The Royal Court’s ambitious 2020 launch of seven editions of its Living Newspaper involving 92 writers and 90 actors engaging often provocatively with issues of the day generated numerous discussions about the theatre's history.
This in turn has prompted a further series of events entitled Living Archive Vol.1 in June and July 2022 looking at what has been remembered, what has been ignored or forgotten and who has access to this archive.
Social movements such as Black Lives Matter have made us more conscious of the way statues, museums, archives and the supposed canon have continued to shape our public memory, our private vulnerability and an unjust society.
Volume 1 of the Living Archive has been deliberately playful, questioning the canon, searching for lost voices that resulted in a public reading of the “feminist Jamaican play Under the Sun” by Sylvia Wynter which though acquired by the Royal Court in 1958 had never been produced. In re-balancing the way we look at archives, writers were commissioned, and rehearsed readings were performed. They included a verbatim piece entitled Gorillas, Floods and Pot Noodles: Life as a Stage Manager at the Royal Court derived from interviews with 26 stage managers working in the 1990s and 2022.
The historical archives are shaped by questions of power as Tash Brown illustrates in her play Lie. Stir. Repeat. about the supposed inventor of the hot chocolate drink Hans Sloan, whose name was given to the square in which the Royal Court is located.
A Cadbury World worker (Tash Brown) takes us through a rather sanitized version of Sloan the intrepid explorer travelling the world, filling museums with plants and objects. Finding some Jamaicans drinking cocoa and water which he thought tasted rather bitter, he asked for a sample. Adding sugar and milk he turned it into a delicious hot chocolate drink. “He made a fortune.”
The performer Tash then imagines a different history, a family story of how Sloan stole the drink from her enslaved Jamaican ancestors. But history is written by the winners, the powerful, so it is the first version that is remembered. No one got round to asking the slave's point of view. Perhaps those who wrote the history were too busy naming plants, animals, gardens, squares, avenues, streets and a school after Hans Sloan a man who earned a tidy sum from his investments in the trading of enslaved people.
Slaves are only one of many groups that are remembered in very limited ways. It can be disheartening if you happen to identify with such groups.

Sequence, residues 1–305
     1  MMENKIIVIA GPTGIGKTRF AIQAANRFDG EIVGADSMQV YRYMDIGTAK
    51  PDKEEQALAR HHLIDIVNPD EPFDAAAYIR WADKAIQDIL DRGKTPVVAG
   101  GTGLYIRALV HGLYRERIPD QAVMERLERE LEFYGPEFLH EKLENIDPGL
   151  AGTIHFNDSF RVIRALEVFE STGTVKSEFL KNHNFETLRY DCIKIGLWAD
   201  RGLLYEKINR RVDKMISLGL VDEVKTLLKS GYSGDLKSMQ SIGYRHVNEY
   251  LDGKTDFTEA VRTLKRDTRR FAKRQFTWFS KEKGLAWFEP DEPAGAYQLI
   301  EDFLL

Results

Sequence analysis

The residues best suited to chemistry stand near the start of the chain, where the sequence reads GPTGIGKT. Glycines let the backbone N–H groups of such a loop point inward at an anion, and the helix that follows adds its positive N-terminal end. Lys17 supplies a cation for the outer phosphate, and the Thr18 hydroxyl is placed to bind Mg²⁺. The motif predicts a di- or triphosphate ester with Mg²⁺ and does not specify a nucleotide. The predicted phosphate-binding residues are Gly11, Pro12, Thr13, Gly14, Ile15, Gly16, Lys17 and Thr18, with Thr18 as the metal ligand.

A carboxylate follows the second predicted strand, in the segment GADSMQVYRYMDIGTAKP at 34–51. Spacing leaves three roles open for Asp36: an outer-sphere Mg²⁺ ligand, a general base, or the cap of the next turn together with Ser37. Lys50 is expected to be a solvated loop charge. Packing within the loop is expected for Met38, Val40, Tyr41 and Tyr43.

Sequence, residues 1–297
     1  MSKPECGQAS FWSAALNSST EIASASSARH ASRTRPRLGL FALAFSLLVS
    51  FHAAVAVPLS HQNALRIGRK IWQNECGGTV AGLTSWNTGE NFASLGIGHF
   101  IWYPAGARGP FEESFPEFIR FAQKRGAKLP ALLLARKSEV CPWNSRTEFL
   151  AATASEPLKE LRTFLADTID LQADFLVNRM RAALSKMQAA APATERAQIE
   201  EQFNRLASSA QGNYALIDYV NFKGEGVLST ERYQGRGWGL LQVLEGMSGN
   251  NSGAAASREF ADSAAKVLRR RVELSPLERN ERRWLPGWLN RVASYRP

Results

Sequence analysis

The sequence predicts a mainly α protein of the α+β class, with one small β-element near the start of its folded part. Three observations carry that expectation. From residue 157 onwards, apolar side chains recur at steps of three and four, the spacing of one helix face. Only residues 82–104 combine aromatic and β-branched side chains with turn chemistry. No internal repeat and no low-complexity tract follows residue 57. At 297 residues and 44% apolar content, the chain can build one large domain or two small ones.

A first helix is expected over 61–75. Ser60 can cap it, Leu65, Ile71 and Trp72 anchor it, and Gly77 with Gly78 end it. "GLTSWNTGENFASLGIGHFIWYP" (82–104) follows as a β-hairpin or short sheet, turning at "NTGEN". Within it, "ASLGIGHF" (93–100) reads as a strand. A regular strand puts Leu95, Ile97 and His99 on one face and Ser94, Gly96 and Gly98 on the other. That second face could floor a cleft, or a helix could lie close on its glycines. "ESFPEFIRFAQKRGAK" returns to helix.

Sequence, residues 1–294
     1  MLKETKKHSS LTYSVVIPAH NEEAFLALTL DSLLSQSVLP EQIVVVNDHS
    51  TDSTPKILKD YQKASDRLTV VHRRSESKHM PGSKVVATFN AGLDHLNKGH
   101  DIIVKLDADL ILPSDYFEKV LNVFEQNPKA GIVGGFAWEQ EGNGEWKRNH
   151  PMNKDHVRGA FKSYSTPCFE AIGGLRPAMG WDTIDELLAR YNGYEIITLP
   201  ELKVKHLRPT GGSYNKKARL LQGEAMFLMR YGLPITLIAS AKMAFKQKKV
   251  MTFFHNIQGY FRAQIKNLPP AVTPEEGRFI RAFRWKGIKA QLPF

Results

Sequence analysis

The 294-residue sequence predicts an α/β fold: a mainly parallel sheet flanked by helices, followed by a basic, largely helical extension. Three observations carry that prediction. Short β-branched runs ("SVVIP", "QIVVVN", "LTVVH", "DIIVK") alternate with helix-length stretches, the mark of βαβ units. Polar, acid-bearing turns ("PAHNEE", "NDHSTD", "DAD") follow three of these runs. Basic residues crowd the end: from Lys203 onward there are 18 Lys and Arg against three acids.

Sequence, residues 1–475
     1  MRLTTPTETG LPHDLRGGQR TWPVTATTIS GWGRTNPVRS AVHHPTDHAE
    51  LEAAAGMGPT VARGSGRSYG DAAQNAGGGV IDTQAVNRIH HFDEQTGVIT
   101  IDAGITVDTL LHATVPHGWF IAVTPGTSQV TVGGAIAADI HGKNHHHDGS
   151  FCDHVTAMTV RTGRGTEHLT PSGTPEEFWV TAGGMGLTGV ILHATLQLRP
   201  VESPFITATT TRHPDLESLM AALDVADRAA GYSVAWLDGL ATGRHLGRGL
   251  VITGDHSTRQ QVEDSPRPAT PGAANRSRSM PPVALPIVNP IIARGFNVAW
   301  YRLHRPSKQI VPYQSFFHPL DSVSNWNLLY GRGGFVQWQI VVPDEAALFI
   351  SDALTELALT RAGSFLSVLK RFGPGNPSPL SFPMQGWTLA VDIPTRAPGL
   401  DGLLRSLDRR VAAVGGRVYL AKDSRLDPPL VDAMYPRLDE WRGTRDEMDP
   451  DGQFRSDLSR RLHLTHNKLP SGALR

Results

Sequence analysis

Zia Ahmed’s play Recovery Position gives us the reflections of someone at the Royal Court attending “the last session of unheard voices, an introduction to a playwriting group for Muslim writers.” The artistic director at the time pops in and reminds them that theatre is show business that has to have an eye for what sells, which in effect reminds them why they are still unheard.
We also hear about the writer's research and development work with a group of other South Asian heritage people at a big theatre down Waterloo where there were people from a similar ethnic working-class background in the kitchens but not on the main stage.
“We all got our scripts read. It felt like we had been steered in certain directions, war on terror, extremism, violence between communities, a certain kind of Muslim.”
The writer comments that “I’m a magician. I can turn invisible and hyper-invisible at the same time.”
The absence of various social groups from the stage can sometimes seem ludicrous. This is one of the observations made in conversations between two unnamed characters in Daniel York Loh’s play Porcelain Archive, or is Outnumbered By Goats a better title?
One of the characters says they have seen more goats than East Asians on stage in the theatre and that there have even been more goats on stage than East Asian writers at the venue. Their discussion centres on Chey Yew’s Porcelain a rare play featuring a Chinese person in which a lonely Chinese youth murders a white man in an East London toilet. Not exactly a positive image.
Inevitably, the narrow depiction of certain ethnic groups can cause distress. In a quite moving at times lyrical piece entitled Collect, Cumin, Coriander, Chardonnay, and Cashews, Joel Tan depicts a woman becoming upset and ashamed when sitting in an audience with white people watching an incredibly negative Chinese stereotype in Somerset Maugham’s The Letter which was performed at Wyndhams Theatre in 2007.
The Living Archive Vol 1 invited a different guest archivist to work on each event, organised round table discussions about archives with the Living Newspaper's design collective and recorded events with a view to them becoming available more generally in what they hope will be a more interactive archive.
Making the archive a relevant and useful part of the community rather than a dead weight on the living will be a continuing project for the Royal Court and hopefully an example other theatres will follow.